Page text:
The chief executioner of the Soviet NKVD secret police, Vasily Blokhin, carried out many of the killings. Wearing a butcher’s leather apron and cap, he personally shot 7000 Poles over 28 nights.

The only part of the museum devoted to the subject of Stalinist violence is two small rooms on the ground floor. One room is a reconstructed secret police interrogation room and the other is a prison cell and ante-chamber adorned with the clothes of Gori citizens arrested and shot under Stalin. This section was added five years ago.

Our guided tour of the museum ended in a railway carriage which Stalin used for the last 12 years of his life – he didn’t like flying. Standing in the carriage’s dining room, I asked our guide what Gori citizens feel about Stalin today.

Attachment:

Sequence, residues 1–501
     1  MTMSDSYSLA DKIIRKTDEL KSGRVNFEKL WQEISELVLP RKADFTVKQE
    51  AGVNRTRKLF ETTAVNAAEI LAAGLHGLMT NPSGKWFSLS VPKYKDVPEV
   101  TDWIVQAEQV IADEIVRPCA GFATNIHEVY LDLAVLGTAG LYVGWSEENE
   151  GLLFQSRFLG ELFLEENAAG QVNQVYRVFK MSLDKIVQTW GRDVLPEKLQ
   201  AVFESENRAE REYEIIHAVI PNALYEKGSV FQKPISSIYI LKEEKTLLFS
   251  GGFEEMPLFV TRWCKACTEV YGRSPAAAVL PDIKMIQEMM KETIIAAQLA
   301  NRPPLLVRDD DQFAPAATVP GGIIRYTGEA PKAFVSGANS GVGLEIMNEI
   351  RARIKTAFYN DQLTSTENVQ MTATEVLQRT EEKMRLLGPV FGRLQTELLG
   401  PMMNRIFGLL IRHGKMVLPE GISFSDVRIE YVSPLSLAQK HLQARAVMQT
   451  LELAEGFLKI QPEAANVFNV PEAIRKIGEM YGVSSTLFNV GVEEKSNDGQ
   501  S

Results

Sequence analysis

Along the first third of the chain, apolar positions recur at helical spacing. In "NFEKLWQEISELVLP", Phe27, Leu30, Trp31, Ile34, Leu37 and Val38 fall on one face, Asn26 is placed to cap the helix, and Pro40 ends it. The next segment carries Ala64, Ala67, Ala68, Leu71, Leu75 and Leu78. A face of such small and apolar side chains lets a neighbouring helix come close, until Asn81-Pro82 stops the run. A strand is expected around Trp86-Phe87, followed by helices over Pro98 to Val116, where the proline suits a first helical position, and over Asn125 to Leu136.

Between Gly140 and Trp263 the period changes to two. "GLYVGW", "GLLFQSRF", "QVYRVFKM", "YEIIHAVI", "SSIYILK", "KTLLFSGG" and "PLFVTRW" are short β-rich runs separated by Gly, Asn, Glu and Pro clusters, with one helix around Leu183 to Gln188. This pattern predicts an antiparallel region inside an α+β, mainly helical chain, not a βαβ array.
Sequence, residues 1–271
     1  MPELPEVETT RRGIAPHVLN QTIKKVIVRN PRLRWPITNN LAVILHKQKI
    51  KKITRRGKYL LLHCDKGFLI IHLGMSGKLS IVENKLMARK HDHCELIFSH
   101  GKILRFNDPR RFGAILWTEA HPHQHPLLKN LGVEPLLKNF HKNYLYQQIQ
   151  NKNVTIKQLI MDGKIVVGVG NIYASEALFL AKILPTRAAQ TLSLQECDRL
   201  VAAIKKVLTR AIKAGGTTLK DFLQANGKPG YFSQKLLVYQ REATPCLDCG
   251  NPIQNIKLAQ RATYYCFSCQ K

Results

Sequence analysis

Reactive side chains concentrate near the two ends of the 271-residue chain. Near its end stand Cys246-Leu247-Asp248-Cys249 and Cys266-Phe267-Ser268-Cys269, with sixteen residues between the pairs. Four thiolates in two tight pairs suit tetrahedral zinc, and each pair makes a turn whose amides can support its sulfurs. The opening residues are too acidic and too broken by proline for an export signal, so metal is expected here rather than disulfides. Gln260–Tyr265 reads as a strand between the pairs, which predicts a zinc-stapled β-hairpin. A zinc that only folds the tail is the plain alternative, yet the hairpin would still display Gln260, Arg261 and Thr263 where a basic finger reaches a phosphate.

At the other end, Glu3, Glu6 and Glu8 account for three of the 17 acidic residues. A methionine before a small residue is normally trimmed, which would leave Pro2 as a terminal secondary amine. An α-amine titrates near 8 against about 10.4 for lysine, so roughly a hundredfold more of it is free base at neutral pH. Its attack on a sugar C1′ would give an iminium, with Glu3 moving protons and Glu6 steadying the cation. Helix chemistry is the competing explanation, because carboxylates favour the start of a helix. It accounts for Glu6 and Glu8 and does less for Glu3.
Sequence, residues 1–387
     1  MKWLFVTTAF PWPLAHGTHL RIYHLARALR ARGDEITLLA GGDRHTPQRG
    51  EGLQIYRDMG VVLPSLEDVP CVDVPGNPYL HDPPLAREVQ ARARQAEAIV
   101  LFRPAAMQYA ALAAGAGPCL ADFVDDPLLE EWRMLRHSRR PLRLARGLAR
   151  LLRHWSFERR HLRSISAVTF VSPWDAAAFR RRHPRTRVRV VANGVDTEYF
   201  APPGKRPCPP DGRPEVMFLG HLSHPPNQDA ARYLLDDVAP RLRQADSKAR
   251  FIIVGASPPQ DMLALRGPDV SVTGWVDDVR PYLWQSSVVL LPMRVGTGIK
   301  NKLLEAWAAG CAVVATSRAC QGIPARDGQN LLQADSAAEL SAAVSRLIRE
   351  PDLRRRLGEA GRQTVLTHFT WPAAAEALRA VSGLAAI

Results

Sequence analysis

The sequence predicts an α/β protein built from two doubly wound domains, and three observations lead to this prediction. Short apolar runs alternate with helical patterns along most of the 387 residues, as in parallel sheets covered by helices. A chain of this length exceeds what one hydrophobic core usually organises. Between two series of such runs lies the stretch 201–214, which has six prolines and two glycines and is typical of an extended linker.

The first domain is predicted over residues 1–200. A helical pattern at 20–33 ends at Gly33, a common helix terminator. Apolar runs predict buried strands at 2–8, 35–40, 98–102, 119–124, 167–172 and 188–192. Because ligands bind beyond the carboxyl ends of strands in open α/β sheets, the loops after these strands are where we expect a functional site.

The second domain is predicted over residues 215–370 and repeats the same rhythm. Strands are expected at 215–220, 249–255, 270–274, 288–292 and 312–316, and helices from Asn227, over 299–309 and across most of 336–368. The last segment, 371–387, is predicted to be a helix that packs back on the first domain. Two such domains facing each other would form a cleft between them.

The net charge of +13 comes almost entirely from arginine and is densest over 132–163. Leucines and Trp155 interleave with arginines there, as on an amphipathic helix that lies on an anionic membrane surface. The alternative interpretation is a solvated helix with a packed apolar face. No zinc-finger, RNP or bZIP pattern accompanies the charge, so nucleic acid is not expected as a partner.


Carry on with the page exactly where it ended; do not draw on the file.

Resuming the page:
“I don’t know,” she said, but then added: “I think most of the older generation like Stalin.” Any other answer would have stretched credibility. The guide’s entire demeanour throughout the tour was one of deep respect and admiration.

Back in Tbilisi after my Gori visit, strap-hanging in the city’s metro, I noticed that the man next to me was reading a magazine article which included a photo of Stalin looking every inch the handsome father of the nation. Monster though he was, Stalin is clearly a part of the mental landscape of Georgia still.


Select Bibliography

Applebaum, Anne, GULAG: A History of the Soviet Camps, London 2003

Montefiore, Simon Sebag, Young Stalin, London 2007

Montefiore, Simon Sebag, Stalin: The Court of the Red Tsar, London 2003

Snyder, Timothy, Bloodlands: Europe between Hitler and Stalin, London 2010

The website garethjones.org has details on the life of journalist Gareth Jones.